If you run a private limited company, you may need to complete end of year accountsas part of your tax obligations. You may be slightly apprehensive if you’re submitting these year end documents for the first time, but as we hope to explain in this guide, it doesn’t have to be such a head-scratcher.
Your end of year accounts checklist
Before we examine how to file end of year accounts in detail, here’s a quick summary of your responsibilities as a limited company director. You can appoint an accountant or tax adviser to help with this to-do list:
- Submit your business’s first accounts to Companies House.
- Send the annual accounts (also known as statutory accounts) to Companies House.
- Submit a Company Tax Return to HMRC.
- Pay Corporation Tax to HMRC or confirm with them that no tax is due.
What are end of year accounts?
Your end of year accounts are a summary of your company’s financial performance for its latest accounting period and financial year. Legally, as a limited company director you will need to submit ‘year end accounts’ to Companies House and HMRC, such as your annual accounts and Company Tax Return, which comprise part of your financial reporting.
End of year account documents
There are various documents you will need to include when submitting your end of year accounts.
Your Company Tax Return, often referred to as the CT600 form, should be sent to HMRC. It includes information such as your company’s income, expenses, profit and tax allowances. After submitting this return, HMRC will calculate your Corporation Tax liability, which is based on any profit you make .
The annual accounts, submitted to Companies House, include a number of elements such as:
- Your Income Statement. This displays the profit (and any losses) your business made during its latest accounting period and is sometimes called a P&L (profit and loss) account.
- Balance sheet. Also known as the Statement of Financial Position, this provides a summary of the business’s assets and liabilities for the latest accounting period.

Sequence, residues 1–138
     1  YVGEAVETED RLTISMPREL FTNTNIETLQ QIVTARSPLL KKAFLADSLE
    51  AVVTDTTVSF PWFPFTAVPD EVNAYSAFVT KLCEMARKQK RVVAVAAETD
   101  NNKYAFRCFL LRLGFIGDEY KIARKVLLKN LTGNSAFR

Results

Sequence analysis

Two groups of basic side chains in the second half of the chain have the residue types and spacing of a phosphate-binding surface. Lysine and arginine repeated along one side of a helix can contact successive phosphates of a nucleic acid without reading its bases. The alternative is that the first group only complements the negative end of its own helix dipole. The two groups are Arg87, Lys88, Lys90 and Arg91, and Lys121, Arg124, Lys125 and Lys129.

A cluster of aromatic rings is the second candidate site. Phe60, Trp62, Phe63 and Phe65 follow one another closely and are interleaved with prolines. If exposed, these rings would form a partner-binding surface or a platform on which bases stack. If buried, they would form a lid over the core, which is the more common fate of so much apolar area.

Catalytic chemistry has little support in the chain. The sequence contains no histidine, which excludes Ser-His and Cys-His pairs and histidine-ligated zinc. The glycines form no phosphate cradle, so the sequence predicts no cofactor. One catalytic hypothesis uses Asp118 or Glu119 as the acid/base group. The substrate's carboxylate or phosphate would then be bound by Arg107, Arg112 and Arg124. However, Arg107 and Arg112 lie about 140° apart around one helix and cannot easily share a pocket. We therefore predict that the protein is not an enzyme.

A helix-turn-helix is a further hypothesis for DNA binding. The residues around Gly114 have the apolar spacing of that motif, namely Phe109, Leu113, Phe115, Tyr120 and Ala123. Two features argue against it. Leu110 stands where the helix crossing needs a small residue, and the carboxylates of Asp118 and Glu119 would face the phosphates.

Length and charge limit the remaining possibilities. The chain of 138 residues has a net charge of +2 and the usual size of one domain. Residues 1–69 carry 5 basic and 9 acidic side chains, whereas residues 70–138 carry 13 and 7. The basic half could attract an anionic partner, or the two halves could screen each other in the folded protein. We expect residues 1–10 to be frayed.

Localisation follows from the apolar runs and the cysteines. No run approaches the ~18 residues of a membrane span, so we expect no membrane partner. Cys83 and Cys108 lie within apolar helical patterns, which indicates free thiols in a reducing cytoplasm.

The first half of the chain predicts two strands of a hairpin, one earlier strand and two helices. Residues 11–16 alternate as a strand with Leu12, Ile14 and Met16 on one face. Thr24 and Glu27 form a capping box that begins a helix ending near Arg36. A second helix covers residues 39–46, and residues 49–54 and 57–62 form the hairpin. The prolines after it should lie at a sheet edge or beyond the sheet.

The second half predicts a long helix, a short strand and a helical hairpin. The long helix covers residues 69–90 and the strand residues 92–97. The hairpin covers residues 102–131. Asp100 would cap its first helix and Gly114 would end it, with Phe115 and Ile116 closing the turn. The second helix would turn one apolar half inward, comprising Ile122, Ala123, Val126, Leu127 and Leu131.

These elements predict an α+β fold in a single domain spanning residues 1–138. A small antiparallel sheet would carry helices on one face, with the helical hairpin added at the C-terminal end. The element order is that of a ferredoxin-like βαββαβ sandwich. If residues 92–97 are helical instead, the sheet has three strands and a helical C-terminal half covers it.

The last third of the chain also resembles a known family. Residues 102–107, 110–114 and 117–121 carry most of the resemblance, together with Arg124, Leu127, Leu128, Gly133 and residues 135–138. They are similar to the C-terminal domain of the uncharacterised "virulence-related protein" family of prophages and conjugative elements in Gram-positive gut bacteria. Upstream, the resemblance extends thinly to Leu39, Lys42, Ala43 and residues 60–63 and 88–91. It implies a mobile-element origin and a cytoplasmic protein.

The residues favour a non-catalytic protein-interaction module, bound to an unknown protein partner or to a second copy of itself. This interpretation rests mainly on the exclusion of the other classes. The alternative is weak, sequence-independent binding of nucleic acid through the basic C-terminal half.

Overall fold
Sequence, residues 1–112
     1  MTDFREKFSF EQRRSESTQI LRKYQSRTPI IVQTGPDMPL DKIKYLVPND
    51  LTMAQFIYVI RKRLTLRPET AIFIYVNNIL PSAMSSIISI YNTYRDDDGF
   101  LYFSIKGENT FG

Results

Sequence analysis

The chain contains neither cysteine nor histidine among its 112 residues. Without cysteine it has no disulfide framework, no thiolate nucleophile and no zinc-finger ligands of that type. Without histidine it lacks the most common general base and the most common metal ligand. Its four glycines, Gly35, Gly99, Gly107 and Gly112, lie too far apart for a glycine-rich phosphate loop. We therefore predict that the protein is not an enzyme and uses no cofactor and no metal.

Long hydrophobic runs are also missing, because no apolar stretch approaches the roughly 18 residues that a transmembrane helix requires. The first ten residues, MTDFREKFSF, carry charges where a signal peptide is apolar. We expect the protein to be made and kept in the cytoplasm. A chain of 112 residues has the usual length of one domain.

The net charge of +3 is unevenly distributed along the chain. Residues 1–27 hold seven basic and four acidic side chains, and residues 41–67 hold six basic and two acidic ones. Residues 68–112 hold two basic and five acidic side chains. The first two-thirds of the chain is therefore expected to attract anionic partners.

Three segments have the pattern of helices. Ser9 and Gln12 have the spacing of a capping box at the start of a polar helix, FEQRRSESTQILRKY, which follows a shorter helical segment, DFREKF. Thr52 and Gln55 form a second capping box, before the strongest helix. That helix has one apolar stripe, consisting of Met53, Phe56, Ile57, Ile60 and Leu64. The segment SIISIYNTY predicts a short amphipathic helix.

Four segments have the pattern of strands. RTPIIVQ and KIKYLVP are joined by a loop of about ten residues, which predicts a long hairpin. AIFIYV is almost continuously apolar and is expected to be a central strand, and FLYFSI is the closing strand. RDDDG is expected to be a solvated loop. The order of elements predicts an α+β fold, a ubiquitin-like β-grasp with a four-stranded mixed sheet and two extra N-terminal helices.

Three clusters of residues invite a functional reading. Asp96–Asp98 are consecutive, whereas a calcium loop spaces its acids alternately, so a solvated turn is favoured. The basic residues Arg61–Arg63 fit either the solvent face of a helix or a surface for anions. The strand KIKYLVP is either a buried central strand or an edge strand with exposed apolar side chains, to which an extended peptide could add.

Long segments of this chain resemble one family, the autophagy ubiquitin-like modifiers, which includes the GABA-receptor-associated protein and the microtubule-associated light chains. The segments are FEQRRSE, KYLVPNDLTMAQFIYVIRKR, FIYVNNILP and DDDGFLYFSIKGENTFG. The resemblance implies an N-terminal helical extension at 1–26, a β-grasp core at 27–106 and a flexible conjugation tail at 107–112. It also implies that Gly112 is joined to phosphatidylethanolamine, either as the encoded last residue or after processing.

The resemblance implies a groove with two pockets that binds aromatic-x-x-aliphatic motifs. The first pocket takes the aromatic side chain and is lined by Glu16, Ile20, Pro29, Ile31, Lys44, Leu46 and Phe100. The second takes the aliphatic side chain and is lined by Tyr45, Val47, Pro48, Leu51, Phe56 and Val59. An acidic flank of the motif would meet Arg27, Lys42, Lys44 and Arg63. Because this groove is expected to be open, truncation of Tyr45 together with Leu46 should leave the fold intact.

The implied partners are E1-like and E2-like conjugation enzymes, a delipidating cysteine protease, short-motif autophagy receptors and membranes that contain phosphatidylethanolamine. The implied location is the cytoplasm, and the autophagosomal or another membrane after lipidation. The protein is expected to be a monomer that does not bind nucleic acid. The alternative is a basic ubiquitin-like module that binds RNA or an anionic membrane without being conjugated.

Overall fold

- Director’s report. This is a report written by the company director(s) on how well the company is performing and its future prospects.
- Notes. This is an opportunity to provide further details or clarification on other sections of the report .
Every company, whether trading or dormant, must also submit a confirmation statement to Companies House on an annual basis, which confirms that company details are correct.
The due date for this submission is a year after either your incorporation date or the date of the previous statement, and while the timing is different to the annual accounts, the confirmation statement is just as important.
What is my accounting year?
Your ‘accounting year’, often referred to as the accounting period, is the length of time covered by your Company Tax Return. It runs for a maximum of 12 months until your ‘year end’ and is set according to whichever date you choose to prepare your accounts each year. Your first year’s accounts will start from the incorporation date of your company, but following this, some businesses like to match their accounting year with the financial year, which runs from April 1st in one year to March 31st in the next.
How do you file end of year accounts?
You will need to prepare and submit your end of year accounts (the annual accounts and Company Tax Return) to Companies House and HMRC before their deadlines – more on that later.
There are other reporting duties that can help you file your year end accounts, such as accurate bookkeeping. If applicable, it may be convenient to submit your VAT return at the same time as your accounts. Moreover, if you run a staff payroll, it’s important these details are correct – such as making the right deductions – before you submit the end of year accounts.
If all that sounds taxing, remember that you can appoint an accountant or tax adviser to file your year end accounts on your behalf .
When do end of year accounts need to be filed?
Not every business has the same end of year accounts deadline, so you may wish to keep a note of your key dates as follows:
- · Your business’s first accounts should be filed with Companies House 21 months after the date you registered with them.
- Your annual accounts should be filed with Companies House nine months after your company’s financial year ends.
- Your deadline to pay Corporation Tax or inform HMRC that your company does not owe any, is generally nine months and one day after your accounting period ends.
- The deadline to file a Company Tax Return is 12 months after your accounting period ends.
More guidance on money matters
Not everyone wakes up in the morning and looks forward to submitting a tax return but getting your head around your tax responsibilities could save you valuable time in the long run. Once you’ve nailed how to file those end of year accounts, here are some other Tyl Talks articles to get stuck into.
This has been prepared by Tyl by NatWest for informational purposes only and should not be treated as advice or a recommendation. There may be other considerations relevant to you and your business so you should undertake your own independent research.
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